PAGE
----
Maximizing the Impact of Community Outreach Programs By Susan

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					                      Maximizing the Impact of
               Community Outreach Programs

                   By Susan D. Ennis, APR, Communications Strategist
                            Curley & Pynn Public Relations

Today, more companies are recognizing not only the need to be connected to communities in which
they operate, but also that this commitment takes much more than just writing a check. A study
released by the Committee to Encourage Corporate Philanthropy (CECP) reports that giving
programs are being revised to reflect a new emphasis on business and social impact. Programs that
are designed to engage management, foster employee retention, build and strengthen relationships
and enhance brand awareness are proving to be valuable assets. Consequently, companies are being
more strategic and innovative in their philanthropic approaches.

Where to start?

A company should begin by taking a close look at its current community outreach programs and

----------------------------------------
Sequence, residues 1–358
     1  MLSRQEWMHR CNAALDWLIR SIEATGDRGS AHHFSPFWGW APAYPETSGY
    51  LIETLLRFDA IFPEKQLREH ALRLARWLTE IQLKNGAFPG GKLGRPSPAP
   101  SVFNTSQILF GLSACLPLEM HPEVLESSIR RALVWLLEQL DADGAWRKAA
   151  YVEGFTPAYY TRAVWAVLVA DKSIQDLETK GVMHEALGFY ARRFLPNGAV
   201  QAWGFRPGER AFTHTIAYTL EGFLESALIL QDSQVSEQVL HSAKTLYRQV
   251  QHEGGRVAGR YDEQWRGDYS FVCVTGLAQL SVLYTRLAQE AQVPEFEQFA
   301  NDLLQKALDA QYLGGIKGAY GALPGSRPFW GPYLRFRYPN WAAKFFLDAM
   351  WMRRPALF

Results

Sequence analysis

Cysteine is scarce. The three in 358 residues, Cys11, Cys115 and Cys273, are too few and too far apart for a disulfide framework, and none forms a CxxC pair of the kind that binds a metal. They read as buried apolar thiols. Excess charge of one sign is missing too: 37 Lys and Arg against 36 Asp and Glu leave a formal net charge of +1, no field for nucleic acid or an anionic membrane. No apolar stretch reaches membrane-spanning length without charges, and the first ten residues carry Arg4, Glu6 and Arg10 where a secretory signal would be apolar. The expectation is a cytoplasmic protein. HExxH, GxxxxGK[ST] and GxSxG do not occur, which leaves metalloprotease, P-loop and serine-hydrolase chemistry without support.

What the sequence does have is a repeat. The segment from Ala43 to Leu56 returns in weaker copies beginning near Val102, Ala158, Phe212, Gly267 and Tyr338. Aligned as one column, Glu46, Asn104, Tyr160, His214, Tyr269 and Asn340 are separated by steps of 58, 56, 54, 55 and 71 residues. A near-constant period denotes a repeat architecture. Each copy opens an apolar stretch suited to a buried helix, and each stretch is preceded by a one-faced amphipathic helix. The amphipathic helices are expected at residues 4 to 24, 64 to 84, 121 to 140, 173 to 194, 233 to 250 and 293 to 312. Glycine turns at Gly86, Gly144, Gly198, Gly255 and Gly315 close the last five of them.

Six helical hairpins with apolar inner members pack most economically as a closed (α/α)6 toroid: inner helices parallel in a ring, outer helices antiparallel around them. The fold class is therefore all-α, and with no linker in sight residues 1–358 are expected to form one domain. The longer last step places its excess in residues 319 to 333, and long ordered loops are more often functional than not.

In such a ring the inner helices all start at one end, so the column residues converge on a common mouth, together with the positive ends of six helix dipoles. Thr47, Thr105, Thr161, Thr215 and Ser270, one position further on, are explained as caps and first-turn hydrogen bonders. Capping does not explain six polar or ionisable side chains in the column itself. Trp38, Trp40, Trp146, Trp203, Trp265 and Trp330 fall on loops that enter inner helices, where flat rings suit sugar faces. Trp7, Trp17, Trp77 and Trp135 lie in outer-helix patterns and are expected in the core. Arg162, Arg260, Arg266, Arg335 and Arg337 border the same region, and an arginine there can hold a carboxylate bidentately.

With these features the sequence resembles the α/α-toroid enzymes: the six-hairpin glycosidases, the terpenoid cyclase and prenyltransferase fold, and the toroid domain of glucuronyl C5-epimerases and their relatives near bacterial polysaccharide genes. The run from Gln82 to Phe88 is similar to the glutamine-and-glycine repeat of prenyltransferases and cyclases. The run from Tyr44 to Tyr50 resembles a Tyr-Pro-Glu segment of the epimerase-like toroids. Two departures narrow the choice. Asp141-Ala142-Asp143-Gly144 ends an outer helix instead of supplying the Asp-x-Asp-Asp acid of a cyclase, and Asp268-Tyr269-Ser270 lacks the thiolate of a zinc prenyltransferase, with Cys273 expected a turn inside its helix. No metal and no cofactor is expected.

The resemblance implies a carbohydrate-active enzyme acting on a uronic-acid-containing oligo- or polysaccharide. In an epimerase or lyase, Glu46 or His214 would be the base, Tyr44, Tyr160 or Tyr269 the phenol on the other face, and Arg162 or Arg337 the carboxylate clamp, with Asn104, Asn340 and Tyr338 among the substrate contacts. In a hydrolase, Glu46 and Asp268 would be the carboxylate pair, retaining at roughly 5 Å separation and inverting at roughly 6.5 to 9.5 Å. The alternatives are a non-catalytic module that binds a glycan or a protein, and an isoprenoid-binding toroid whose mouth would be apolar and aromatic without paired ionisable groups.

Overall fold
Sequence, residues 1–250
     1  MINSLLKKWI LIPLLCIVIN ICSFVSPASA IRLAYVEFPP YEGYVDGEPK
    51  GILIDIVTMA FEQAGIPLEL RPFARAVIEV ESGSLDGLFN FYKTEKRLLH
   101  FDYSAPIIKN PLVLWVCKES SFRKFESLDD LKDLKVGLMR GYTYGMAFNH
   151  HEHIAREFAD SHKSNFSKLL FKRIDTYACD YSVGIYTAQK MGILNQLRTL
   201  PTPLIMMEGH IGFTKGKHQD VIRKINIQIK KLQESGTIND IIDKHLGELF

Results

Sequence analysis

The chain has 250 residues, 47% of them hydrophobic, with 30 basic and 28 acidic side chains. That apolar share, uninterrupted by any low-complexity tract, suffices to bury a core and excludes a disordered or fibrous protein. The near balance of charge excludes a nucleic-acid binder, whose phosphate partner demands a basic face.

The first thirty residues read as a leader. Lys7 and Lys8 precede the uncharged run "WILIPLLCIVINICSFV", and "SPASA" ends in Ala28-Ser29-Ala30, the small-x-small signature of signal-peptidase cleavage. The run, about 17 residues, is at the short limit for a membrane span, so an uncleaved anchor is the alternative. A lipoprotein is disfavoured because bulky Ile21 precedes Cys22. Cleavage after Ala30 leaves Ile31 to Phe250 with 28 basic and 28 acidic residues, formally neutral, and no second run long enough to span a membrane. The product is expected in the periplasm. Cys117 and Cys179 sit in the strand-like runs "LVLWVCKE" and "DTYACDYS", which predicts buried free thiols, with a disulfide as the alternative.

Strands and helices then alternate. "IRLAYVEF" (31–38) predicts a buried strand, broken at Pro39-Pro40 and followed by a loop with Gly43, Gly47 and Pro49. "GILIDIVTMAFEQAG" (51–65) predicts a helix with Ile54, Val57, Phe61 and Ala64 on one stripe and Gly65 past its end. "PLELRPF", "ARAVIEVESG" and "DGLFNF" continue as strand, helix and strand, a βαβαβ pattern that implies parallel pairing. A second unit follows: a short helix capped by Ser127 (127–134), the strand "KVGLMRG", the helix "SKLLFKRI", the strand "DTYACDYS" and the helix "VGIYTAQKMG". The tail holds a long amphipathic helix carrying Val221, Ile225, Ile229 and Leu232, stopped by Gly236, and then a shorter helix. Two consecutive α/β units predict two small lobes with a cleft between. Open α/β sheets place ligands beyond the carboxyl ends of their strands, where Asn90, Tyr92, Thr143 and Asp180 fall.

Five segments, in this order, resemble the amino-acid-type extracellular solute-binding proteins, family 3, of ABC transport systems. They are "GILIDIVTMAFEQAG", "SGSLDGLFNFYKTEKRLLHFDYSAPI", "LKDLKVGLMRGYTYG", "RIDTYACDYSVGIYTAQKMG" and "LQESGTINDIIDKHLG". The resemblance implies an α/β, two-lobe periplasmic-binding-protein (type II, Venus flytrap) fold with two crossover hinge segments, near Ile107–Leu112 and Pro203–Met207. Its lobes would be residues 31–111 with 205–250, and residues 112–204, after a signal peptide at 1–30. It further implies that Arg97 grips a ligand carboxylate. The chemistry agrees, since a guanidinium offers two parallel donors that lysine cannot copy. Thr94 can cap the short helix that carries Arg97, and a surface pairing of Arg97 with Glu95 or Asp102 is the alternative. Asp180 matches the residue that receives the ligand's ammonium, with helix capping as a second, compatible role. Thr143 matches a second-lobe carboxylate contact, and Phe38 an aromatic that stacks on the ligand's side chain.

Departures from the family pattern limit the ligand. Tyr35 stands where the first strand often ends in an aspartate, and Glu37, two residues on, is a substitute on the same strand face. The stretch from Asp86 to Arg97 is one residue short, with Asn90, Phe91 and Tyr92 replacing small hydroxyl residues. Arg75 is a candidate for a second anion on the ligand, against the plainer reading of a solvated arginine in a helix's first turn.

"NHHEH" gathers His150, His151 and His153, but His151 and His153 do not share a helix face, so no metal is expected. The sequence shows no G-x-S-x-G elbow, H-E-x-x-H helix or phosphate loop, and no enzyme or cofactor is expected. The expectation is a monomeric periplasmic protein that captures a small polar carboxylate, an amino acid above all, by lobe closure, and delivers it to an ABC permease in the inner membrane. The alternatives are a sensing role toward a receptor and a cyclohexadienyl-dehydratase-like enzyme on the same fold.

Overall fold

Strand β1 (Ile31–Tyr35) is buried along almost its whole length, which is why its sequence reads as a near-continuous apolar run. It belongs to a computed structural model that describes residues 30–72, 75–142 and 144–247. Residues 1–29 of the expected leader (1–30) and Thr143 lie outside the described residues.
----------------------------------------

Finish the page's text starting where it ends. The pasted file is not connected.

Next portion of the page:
evaluate how these activities relate to its overall mission and corporate culture. Do the programs
engage customers and inspire employees? Is the company supporting several charitable
organizations with minimal impact or has it developed a single partnership that allows for creating
unique collaborative opportunities for employees and customers while fulfilling social
responsibilities and enhancing the brand?

After analyzing current and historic outreach, the next step is to gain a clear perception of the core
values of the company … what managers and stakeholders see as the purpose and position the